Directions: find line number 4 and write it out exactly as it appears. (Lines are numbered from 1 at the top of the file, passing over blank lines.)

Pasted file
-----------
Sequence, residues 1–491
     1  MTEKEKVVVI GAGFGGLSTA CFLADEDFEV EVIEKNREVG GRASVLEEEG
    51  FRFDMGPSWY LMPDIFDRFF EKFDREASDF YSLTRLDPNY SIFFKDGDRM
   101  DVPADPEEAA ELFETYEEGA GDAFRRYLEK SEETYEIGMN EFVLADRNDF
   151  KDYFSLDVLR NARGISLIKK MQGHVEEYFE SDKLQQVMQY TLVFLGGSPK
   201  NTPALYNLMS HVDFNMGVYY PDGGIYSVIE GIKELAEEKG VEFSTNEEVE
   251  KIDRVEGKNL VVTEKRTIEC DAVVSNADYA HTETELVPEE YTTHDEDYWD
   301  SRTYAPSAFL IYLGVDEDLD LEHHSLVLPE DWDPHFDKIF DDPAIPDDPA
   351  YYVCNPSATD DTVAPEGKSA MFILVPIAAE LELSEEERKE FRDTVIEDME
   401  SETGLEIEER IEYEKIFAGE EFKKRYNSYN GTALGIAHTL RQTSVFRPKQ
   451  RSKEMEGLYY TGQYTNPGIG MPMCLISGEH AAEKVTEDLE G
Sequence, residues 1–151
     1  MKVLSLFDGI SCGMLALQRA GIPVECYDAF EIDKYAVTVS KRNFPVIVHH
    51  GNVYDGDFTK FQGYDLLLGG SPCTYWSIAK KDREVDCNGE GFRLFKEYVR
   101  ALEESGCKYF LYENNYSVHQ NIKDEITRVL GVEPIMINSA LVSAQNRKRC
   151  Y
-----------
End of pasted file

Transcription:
   101  DVPADPEEAA ELFETYEEGA GDAFRRYLEK SEETYEIGMN EFVLADRNDF